The failure – or refusal - to recognize any kind of social duties to others evidenced by this slogan, beginning with the safety of the community in which one lives, suggests that allowing such persons to become armed with weapons of war is a very bad bet indeed. And the recent history of our country provides more than enough evidence of the truth of that assertion.

Just ask the parents of Newtown.


Post-scriptum – As I wrote these words this morning, the following “breaking news” was filling my in-box at my email account:

The Massachusetts Institute of Technology was on lockdown after a gunman was reported on the campus Saturday morning, but police called the report "unfounded" after searching the campus, according to Boston TV station WCVB.

Maybe the time has arrived to simply come take them.

The Rev. Harry Scott Coverston, J.D., Ph.D.
Member, Florida Bar (inactive status)
Priest, Episcopal Church (Dio. of El Camino Real, CA)
Instructor: Humanities, Religion, Philosophy of Law
University of Central Florida, Orlando

 If the unexamined life is not worth living, surely an unexamined belief system, be it religious or political, is not worth holding.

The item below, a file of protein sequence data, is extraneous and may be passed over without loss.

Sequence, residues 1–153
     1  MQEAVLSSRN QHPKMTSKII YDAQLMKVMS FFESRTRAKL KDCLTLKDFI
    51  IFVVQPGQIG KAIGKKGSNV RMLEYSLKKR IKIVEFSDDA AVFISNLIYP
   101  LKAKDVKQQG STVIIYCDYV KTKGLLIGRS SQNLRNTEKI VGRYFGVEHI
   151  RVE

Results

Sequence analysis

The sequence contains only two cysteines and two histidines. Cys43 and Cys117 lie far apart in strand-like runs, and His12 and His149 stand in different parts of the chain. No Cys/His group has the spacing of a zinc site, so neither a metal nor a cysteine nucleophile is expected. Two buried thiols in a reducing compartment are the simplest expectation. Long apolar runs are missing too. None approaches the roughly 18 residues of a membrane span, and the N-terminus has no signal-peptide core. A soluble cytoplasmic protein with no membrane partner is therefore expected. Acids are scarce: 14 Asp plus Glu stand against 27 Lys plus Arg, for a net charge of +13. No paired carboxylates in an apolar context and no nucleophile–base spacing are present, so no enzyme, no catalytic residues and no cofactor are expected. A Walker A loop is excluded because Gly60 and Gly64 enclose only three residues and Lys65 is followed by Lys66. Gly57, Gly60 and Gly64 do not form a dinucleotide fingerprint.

Most things of value do not lend themselves to production in sound bytes. +++++++++++++++++++++++++++++++++

Tuesday, February 19, 2013

All Are Punish-ed

A Warning from the Trenches

This morning I ran across a remarkable essay. I had heard it mentioned briefly in the Chronicle Review but had not seen the actual essay at AAUP site until today. Written by Ken Bernstein, a former high school teacher from Maryland who retired much earlier than he had planned, his “Warning from the Trenches” seeks to alert those of us in higher education to a pattern that many of us have long suspected -  that the students coming to us from the high stakes test driven pedagogy of No Child Left Behind are largely unprepared for higher education.

I was not only moved by the passion Bernstein clearly holds for education, a passion I also share in the trenches of factories producing degrees that have in Florida replaced higher education, I was struck by his ability to zero in on the metaproblem of NCLB – a reductionism and minimalism that reduces the educational process to little more than a mechanical memorization of unnuanced data in pursuit of success in a standardized test game.

A Critique Right on Target